Key Considerations When Developing A Pricing Strategy

September 1, 2018

Do you have a pricing strategy?

1. Understand Your Product

One thing which is a classic downfall of developing a pricing strategy is that people do not always fully understand their product. It isn’t as simple as thinking this car is a car or this chocolate bar is a chocolate bar. You need to know the true value of your product, we are all guilty of thinking what we have is the best thing since sliced bread. However, that does not always balance with what the customer perceives.

Another thing in understanding the product is that you need to know its capabilities and its limitations of your product, if you can on sell from your product such as getting additional ongoing software sales then you can price lower as you can make up revenue and margin long term. If your product is a one-off purchase with little to no chance of future sales in the near future you should consider holding firm on your pricing as you will not make up the loss in margin any time soon

2. Know The Costs

A line which I was told at a very early stage of my career was that ‘top line is vanity bottom line is sanity’. This means is all comes down to actually making a profit. You could have £15,000,000 worth of sales but if you make a loss on the bottom line you are worth less than a company with £10 of sales with a £1 profit.

The cost of the product isn’t what you need to consider when developing your strategy it is about what the cost of business is. You need to consider all the costs that affect your business, you may be making a £100,000 margin on your sales but if your rent is £110,000 you will not be successful.

You can always look to minimise your costs if you have a large amount of seasonal sales by using temporary staff and outlets which mean you won’t have ongoing costs throughout the year. I would try to never cut costs which may affect the quality of a product as that will bring down your ability to charge a higher price. You can always make a better margin in peak times if you have skilled buyers who can work in the economy of scales to drive down base costs on the product

3. Know How To Accurately Forecast

No one can see into the future but one thing you can do is use the information available to be a accurate as possible. Run rate is a favourite for many as they can use the last 3-6 months to see the trend of their sales. If you are reliant on short term contracts this can be harder sometimes and it would be important to work with more flexible margins. Knowing what everyone else is doing will be a big factor when it comes to forecasting as if a new competitor is coming into the market and throwing a lot of weight behind their campaign that could give you a dip in sales even if you have been having a positive run rate.

Knowing your market is crucial when forecasting. Some products which generally are luxuries can sustain sales throughout the year such as motorhomes where as many service based industries such as hospitality can fluctuate depending on weather and when the pay day falls.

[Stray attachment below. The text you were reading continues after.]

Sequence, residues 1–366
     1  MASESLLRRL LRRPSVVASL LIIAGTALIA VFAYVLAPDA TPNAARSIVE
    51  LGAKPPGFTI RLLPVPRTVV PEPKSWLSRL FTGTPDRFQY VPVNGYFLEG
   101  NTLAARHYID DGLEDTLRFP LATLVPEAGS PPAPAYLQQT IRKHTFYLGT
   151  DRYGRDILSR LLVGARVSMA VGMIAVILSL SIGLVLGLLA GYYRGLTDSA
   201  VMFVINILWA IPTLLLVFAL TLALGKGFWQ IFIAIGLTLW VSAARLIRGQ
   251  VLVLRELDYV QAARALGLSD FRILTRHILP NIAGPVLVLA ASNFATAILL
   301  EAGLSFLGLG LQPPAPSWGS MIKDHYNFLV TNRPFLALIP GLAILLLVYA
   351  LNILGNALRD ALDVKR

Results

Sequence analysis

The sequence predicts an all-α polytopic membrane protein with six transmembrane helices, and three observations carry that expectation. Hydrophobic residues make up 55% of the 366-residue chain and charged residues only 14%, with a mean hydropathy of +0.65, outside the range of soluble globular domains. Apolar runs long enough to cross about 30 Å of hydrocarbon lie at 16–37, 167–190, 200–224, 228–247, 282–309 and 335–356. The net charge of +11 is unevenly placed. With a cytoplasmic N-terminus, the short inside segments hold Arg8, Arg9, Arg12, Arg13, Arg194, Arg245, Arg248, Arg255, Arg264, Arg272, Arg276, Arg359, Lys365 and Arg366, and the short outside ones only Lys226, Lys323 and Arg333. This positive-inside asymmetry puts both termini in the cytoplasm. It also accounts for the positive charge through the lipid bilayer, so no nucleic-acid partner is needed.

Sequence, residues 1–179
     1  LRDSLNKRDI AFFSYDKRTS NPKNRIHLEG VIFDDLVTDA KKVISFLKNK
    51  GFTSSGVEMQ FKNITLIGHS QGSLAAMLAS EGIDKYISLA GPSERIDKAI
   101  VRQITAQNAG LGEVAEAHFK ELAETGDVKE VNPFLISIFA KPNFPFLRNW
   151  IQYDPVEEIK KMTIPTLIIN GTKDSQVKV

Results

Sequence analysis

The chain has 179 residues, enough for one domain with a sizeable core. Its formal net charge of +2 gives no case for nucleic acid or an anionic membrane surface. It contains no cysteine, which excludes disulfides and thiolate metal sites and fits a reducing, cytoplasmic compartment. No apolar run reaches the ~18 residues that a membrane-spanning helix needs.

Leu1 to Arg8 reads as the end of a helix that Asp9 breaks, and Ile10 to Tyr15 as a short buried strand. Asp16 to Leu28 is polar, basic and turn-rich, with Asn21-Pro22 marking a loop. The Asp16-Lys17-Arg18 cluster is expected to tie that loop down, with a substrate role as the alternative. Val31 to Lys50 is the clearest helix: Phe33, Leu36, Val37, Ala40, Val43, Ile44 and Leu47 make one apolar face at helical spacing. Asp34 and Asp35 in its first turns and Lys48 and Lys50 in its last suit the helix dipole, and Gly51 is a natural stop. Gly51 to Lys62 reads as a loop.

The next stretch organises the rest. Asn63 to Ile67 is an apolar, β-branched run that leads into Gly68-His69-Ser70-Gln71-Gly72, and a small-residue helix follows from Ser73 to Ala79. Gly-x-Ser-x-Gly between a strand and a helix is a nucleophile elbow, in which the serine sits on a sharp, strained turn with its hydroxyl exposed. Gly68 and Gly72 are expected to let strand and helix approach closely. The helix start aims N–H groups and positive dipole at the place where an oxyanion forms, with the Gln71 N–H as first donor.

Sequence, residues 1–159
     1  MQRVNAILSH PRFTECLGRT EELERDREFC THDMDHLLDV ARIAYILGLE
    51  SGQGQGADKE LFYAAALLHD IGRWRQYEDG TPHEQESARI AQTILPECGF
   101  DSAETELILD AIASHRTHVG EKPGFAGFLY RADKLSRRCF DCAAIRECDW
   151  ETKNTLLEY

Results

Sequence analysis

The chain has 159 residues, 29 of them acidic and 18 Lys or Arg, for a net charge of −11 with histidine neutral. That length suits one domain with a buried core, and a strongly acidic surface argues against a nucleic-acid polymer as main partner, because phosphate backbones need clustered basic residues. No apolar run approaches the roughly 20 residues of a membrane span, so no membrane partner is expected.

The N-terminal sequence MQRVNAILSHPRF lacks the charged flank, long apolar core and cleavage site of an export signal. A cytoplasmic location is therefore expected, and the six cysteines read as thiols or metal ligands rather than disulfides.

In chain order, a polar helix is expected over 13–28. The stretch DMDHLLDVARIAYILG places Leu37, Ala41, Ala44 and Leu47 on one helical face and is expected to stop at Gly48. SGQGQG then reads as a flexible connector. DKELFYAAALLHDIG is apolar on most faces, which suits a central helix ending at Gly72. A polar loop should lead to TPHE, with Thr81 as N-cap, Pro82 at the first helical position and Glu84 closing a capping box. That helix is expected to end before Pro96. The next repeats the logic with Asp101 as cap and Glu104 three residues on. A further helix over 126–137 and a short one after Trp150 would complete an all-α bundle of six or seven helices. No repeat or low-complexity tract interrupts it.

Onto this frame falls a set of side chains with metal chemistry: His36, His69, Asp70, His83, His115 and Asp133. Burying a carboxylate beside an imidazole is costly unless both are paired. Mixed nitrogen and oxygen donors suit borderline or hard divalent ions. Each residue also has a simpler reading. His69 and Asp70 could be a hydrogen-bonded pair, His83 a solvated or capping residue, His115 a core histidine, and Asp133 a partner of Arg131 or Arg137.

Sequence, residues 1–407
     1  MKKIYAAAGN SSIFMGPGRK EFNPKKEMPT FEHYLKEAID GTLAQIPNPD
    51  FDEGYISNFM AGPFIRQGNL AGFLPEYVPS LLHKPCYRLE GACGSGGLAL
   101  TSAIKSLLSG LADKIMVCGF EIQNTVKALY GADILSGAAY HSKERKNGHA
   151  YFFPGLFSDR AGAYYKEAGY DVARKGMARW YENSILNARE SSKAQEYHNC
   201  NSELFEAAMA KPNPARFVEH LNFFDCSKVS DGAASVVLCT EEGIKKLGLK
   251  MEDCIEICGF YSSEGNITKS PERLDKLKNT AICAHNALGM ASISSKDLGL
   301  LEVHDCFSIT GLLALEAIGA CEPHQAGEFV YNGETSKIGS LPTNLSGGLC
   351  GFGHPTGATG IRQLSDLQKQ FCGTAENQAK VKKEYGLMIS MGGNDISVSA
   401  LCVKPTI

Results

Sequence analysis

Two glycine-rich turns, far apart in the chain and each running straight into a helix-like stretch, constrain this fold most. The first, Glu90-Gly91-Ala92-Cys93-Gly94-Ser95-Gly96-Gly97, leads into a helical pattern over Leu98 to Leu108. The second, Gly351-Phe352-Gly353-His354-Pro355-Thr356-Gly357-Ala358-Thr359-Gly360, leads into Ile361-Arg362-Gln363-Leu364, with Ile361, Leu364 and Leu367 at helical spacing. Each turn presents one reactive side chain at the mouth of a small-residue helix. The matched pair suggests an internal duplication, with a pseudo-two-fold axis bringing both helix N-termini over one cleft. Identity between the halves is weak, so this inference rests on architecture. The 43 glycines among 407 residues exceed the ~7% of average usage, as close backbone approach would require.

4. Match Your Pricing To Your Business Plan

When a business plan is developed you can spend weeks, months or even years in some cases developing the perfect plan for your business. You will have meticulously looked into every facet of the industry and set out your targets of the direction you want to take your business. To get to these targets pricing is absolutely key. You may be looking to do introductory offers to generate sales and get your product out there which may in your first year give you a poor margin and with your new business investments you have made may lead to a loss. This can be expected in many businesses but if it doesn’t match up to your business plan then you have no overall strategy going forward.

If you are working with a grant and you have made certain commitments to developing a business you need to ensure that these are met so your pricing needs to balance the risk and reward.

5. Understanding Market Forces

The dictionary definition of a market force is ‘the economic factors affecting the price of, demand for, and availability of a commodity.’ This is without a doubt one of the most important things to consider as you need to know the value of everything. If you provide something that is low in supply but high in demand then you can charge what you want as your product or service is sought after.

If you have a product low in demand you need to consider how you can justify the value of what you do. With this, you need to make your product attractive to the potential buyer. Dropping the price of your product is not always the best thing to do in this situation as you make yourself busier but you might just make yourself a busy fool. Investing in marketing your product and maintaining a better price may be the way forward as you may become busy from price dropping but having extra background costs in labour, production combined with a lower GP could leave you no better off or potentially worse off on your bottom line.

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